• 2012 Doctrinal Sermons on the Catechism of the Catholic Church
  • 2012 The Will of God: Finding and Fulfilling Your Purpose in Life
  • 2013 Jesus Christ - True God and True Man: A Handbook on Christology for Non-Theologians
  • In 2014 he translated Rahner's Spiritual Exercises into English.

Television[edit]

In the late 1980s Baker started two community television stations to promote Catholicism. In addition to televising EWTN, the stations were created to make original programming as well.

In 1987 Baker as President of Catholic Views Broadcast Inc started a community television station at Blue Island, Illinois airing to the Chicago area on UHF channel 54, with the call letters W54AP. In 1989 he started another community television station on UHF channel 53 under the call letters K53CH in Minneapolis, Minnesota.

With the FCC analog to digital conversion, the Illinois station in 2004 moved from channel 54 to 48 and its call-sign became W48DD. The station was sold in 2005 and switched from Catholic to ethnic programming, changing its call-sign to WFBBT-CA.

The Minneapolis station, also due to the analog to digital conversion, was moved from channel 53 to 19 under the call letters of K19ER in 2003. In 2010 the station moved to channel 16 - its new call letters became K16HY-D. In 2009 Baker turned over the Minneapolis station to St. Michael's Broadcasting and its president Michael Bird who continued to broadcast Catholic programming.[15]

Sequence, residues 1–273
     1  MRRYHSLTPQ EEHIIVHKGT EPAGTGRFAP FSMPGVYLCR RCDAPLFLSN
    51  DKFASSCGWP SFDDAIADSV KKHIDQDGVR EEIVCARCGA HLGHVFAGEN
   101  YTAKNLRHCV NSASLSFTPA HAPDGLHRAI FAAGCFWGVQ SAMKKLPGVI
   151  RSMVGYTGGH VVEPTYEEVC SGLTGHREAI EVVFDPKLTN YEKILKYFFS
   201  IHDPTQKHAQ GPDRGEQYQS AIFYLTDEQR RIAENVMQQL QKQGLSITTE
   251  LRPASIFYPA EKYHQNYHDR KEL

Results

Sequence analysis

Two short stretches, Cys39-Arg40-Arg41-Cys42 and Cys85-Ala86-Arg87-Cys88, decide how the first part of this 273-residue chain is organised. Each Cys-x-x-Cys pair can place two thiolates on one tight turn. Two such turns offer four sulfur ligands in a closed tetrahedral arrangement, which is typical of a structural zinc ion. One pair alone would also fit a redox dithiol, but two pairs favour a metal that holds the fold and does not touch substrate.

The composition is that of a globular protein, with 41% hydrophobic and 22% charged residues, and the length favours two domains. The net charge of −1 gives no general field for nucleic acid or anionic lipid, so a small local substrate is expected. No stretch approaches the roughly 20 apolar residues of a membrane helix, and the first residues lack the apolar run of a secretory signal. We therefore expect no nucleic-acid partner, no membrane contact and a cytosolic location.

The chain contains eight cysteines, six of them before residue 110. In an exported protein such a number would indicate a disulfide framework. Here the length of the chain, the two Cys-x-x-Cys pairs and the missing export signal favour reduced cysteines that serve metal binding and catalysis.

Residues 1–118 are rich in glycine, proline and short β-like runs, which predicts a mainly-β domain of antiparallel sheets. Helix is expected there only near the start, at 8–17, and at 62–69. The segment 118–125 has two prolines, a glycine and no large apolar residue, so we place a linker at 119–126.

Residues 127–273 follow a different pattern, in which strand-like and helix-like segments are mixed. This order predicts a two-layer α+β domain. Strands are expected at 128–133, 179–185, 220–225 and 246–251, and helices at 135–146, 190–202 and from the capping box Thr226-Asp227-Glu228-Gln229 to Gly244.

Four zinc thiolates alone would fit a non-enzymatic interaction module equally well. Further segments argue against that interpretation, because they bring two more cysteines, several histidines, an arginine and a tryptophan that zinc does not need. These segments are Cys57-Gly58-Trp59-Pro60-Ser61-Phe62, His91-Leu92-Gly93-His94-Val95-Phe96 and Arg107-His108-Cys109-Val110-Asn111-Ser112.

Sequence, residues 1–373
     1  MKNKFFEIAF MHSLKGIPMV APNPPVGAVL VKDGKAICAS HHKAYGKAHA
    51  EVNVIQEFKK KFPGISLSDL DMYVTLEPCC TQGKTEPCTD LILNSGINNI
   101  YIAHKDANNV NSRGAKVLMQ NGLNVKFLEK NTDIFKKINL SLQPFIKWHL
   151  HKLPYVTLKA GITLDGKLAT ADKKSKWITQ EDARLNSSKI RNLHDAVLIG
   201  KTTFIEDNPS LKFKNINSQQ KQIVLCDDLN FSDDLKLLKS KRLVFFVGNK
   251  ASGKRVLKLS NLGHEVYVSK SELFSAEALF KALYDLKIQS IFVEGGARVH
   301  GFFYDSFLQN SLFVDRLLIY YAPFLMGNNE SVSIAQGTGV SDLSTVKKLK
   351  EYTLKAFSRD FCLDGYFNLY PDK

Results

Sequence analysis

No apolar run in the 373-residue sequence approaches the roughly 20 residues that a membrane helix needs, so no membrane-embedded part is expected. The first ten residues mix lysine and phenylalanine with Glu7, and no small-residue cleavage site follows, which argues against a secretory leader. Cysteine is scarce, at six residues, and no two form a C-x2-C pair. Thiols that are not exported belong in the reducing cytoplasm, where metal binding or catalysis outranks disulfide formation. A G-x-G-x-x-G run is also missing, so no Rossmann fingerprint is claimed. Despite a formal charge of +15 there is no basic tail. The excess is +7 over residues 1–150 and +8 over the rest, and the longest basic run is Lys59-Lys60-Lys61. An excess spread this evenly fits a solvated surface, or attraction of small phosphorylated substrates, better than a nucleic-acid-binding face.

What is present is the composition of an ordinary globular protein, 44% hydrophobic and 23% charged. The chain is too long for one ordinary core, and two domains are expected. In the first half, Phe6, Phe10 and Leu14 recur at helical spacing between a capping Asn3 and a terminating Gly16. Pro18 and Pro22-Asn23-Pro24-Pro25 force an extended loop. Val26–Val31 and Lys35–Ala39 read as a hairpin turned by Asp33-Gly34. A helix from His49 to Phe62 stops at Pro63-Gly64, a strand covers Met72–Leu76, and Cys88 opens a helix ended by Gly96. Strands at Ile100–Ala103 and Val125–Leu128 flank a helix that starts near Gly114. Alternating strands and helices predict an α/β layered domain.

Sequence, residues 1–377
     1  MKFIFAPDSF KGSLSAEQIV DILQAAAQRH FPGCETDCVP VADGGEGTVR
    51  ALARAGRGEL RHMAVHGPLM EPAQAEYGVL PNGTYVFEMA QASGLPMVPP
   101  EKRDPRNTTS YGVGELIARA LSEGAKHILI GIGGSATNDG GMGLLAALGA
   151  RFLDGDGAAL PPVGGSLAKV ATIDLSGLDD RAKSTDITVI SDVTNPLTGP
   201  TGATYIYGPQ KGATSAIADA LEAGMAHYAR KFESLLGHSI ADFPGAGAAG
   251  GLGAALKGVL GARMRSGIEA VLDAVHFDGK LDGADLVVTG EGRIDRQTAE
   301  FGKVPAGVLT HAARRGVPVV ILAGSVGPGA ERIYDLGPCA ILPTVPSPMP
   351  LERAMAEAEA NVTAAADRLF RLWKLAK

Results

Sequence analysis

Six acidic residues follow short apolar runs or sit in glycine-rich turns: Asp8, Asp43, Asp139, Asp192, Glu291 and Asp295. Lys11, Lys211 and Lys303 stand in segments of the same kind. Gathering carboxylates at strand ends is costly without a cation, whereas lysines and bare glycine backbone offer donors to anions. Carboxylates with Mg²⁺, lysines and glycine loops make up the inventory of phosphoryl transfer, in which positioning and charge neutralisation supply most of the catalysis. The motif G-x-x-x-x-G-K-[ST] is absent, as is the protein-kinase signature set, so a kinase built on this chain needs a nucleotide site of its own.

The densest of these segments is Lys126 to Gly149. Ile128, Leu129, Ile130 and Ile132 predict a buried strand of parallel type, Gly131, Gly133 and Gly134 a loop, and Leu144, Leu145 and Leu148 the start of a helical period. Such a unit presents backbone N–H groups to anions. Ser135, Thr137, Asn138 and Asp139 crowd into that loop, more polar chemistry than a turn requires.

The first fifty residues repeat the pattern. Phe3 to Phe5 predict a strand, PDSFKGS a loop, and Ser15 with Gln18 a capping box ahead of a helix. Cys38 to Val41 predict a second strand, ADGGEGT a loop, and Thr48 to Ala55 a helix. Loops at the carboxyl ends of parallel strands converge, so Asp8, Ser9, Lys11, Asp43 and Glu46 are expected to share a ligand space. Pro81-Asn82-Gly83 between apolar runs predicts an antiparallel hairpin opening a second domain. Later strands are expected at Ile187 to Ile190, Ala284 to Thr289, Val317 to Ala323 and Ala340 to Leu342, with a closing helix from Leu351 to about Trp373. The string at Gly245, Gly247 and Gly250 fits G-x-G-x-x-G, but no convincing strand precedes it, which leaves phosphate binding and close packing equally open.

Baker has appeared on "Mother Angelica Live" and hosted a thirteen-part series on the Bible for EWTN.[15] He has also recorded video lectures on Catholic theology concerning the doctrine of the Trinity and the Catholic exegesis of the Old Testament which are distributed by International Catholic University.[11]

References[edit]

  1. ^ a b c d e f g h i j k l m n o p q r s t u v w x y z aa ab ac ad ae af ag ah ai aj ak al am an ao ap aq ar John Janaro (1994). "FATHER KENNETH BAKER, S.J." EWTN.
  2. ^ "A brief history of St. Leo Parish". St. Leo Church: A Jesuit Parish. Archived from the original on 2014-05-29.
  3. ^ a b "Four Presidents Guided S.U. in Formative Years". The Spectator. January 8, 1970. p. 2.
  4. ^ a b c d e f g h i j "Seattle University a History of Excellence; 1965–1975: Troubled Times". Seattle University. Archived from the original on 2014-09-04.
  5. ^ a b c d e f g h i j k l m n o p q r s t Darlene Graham (February 19, 2014). "The Social Justice League: The Powerful History of Seattle U Activism". The Spectator.
  6. ^ a b "Guide to the Seattle University Office of the President: Kenneth Baker, SJ Records 1970".
  7. ^ Walt Crowley (1995). Rites of Passage: A Memoir of the Sixties in Seattle. Crowley Associates Inc.
  8. ^ "AJCU Photographs Collection". Archived from the original on 2014-08-30.
  9. ^ a b "SeattleU: Athletics". Seattle University. September 10, 2007.
  10. ^ a b Tim Klass (May 5, 1993). "Under Sullivan, Seattle U Grows -- Academics, Finances And Not Basketball Measures Of Success". Associated Press.
  11. ^ a b c d e "Rev. Kenneth A. Baker, S.J." International Catholic University.
  12. ^ a b "Fundamentals of Catholicism vol. 1; Author Biography". Catholic Education Resource Center.
  13. ^ a b Fr. Kenneth Baker, SJ (January 1, 2010). "A new editor for HPR". Homiletic & Pastoral Review.
  14. ^ "About Fr. Kenneth Baker, SJ". Homiletic & Pastoral Review.
  15. ^ a b Kenneth Baker, SJ. "Our Founder..." St Michael's Broadcasting.